By Dana Wineland O’Rourke
When I was a little girl, I loved spending time at my grandparents. My mind and spirit craved it. Our house was noisy and busy; a stark contrast to theirs.
My paternal grandparents lived next door to us for many years. Grandma Viola Wineland was usually in the kitchen. There was a step stool seat in the corner where I’d park myself as she worked. We chatted about everything and nothing. I’d often volunteer to dry dishes, but help or not, I’d get a little squirt of the Jergens hand lotion she kept beside the sink. That scent reminds me of her.
On this visit, my grandfather was busy in the basement and grandma was heating water for tea. She offered me a cup, which was mostly warm milk with a generous dollop of honey. She always had sweets, so I helped myself to a cookie and wandered around gazing at the framed prints on the walls. She placed teacups on the table as I asked her about the prints in the dining room.
“This one is called Grace.” She said as she pointed toward the man whose head was bowed in prayer.
My favorite was of three little girls in turn of the century attire playing on a pony cart. I pictured myself in the painting. There were a few others and we paused at each. I felt as if I was getting a tour in an art museum. Grandma in her ironed floral dress and coifed salt and pepper hair with bright eyes that shined beneath her glasses, my guide. We stopped at the last, where she waited for a moment, then ran her finger over it as I waited for her description. The picture looked like a child may have painted it, but it was detailed. My eyes went from the painting to hers, where she was deep in thought.
“This print is a painting by Grandma Moses.” she said, then went on to explain some interesting facts about the renowned artist. The most profound was the age at which she began to paint in earnest, seventy-eight. My grandma put her hand on my shoulder as we both studied the painting and sighed, “This is proof that you can do new things even when you get old.”
I wanted to ask her why she seemed to get lost in the Grandma Moses’s painting. Or maybe she was lost in the story of Grandma Moses. I’d never seen that pensive look on her, but I was ten, and despite my inquisitive nature, I sipped tea and enjoyed her company, and another cookie.
Today I did the math. Grandma was not yet sixty when she gave me a lesson about Grandma Moses, and much more. I wondered over the years if she had dreams or aspirations of exploring a hidden talent or passion of her own. I never asked, and she passed away at age 86, so I will never know.
I believe we’re all born with talent. Some are given a chance to let their talent shine early on and receive the encouragement and support to nurture that talent. Others have a flicker, flame, or full-blown fire that yearns to burn bright, if given the opportunity.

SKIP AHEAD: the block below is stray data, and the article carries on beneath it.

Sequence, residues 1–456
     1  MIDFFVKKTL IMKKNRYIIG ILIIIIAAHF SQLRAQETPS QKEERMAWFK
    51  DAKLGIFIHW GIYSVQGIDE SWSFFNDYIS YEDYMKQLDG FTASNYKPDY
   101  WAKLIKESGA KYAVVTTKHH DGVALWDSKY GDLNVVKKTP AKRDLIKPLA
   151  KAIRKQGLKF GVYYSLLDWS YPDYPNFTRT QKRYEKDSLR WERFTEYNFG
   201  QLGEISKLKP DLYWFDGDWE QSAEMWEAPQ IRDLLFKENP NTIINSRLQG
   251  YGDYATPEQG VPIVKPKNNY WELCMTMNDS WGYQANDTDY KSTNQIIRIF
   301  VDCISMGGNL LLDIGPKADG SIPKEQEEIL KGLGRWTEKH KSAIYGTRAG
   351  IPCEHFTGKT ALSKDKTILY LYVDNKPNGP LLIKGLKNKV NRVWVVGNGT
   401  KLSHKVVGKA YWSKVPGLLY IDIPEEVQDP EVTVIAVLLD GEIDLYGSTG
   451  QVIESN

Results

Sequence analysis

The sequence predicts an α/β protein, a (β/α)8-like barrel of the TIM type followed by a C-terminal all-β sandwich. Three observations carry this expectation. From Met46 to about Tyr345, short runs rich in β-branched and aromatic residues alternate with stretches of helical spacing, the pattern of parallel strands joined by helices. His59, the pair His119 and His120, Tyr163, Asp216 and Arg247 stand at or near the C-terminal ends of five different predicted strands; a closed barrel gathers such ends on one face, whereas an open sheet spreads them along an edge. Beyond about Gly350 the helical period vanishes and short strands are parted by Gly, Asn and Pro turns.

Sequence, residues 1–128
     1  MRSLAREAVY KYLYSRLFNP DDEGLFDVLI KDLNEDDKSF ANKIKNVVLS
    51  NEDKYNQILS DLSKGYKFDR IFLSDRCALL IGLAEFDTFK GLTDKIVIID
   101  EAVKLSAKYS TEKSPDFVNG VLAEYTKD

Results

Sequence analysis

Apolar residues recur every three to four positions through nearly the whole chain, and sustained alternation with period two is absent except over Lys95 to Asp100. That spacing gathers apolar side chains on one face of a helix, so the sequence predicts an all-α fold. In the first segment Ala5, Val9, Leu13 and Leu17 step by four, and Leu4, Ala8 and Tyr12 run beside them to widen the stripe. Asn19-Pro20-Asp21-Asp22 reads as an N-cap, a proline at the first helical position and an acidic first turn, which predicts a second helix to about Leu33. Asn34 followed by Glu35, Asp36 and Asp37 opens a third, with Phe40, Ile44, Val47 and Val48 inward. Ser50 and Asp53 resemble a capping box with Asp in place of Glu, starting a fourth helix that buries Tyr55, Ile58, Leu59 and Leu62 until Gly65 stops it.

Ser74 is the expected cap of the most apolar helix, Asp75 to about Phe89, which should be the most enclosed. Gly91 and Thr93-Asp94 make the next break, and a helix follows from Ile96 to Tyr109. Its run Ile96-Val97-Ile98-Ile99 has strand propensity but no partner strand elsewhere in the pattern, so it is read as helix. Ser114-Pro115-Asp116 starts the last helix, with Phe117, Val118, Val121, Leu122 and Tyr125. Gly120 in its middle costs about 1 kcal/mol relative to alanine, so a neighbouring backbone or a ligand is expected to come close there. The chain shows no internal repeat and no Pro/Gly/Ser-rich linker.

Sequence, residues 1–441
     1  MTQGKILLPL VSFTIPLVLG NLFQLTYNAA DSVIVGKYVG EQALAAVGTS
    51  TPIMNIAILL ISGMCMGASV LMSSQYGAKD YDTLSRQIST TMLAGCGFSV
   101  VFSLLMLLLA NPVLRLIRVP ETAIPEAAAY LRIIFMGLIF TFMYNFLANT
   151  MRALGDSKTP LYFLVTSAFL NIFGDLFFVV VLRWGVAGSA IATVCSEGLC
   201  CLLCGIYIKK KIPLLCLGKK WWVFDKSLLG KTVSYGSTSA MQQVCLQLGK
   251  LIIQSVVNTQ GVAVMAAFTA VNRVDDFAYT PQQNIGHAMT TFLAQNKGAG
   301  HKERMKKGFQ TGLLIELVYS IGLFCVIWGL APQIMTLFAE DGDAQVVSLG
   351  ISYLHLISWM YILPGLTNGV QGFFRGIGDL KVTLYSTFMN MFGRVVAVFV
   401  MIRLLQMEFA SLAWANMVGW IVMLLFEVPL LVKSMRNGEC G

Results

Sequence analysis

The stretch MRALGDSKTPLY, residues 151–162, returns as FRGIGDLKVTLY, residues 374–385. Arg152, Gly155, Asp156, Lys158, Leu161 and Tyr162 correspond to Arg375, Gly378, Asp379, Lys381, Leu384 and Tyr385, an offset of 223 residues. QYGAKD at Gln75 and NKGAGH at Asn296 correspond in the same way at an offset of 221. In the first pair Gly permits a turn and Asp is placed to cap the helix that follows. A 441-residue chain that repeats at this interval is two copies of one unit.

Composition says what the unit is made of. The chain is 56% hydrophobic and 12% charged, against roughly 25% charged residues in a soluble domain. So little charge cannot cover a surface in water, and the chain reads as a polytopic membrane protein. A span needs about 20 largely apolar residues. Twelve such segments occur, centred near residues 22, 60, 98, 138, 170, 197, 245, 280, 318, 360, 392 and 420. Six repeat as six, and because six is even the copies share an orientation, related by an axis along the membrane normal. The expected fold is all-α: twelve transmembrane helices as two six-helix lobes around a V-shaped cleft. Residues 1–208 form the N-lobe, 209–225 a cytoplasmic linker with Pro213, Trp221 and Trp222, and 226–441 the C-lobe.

I’ve always enjoyed writing, and felt my words held meaning, but did not pursue being published, until recently, at age 64. Were it not for the encouragement of my dear friend Beth, my words would have remained in my head, and heart. This chapter of my life story brought unexpected joy when I needed it most. True happiness comes from what you’re most enthusiastic about.
If there’s something you’ve wanted to try or do, go for it! Consider this the nudge you need to light your fire or awaken a dream you’ve ignored for too long. Vera Wang was forty when she opened her first bridal boutique and Julia Child did not publish her first cookbook until she was fifty. It’s not too late!
A few years ago, I found a 1961 Night Before Christmas book illustrated by Grandma Moses at a used book sale. I picked it up, held it close to my heart, and was overcome with emotion. Moses died in 1961 at age 101. While my Christmas books get packed away with the holiday decorations, that treasure sits in the middle of our bookshelf all year long. I know the poem by heart but find something different on the pages each time I open it.
The story of Grandma Moses credits her success to tenacity, childlike enthusiasm, and an appreciation of life’s small joys. As I look back on them with love, I believe both of my grandmas had those qualities. I pray my children and grandchildren remember me that way.
About the author: Freelance writer Dana Wineland O’Rourke retired after wearing the many hats required for her position as a Preschool- Grade 8 school secretary for 30 years. A lifelong resident of Monongahela, Dana has been married to Tim for 44 years. Their two sons and daughters- in -law made the family an even dozen with six grandchildren. She enjoys spending time with family, traveling, biking, gab & grubs with friends, and writing poetry and short stories.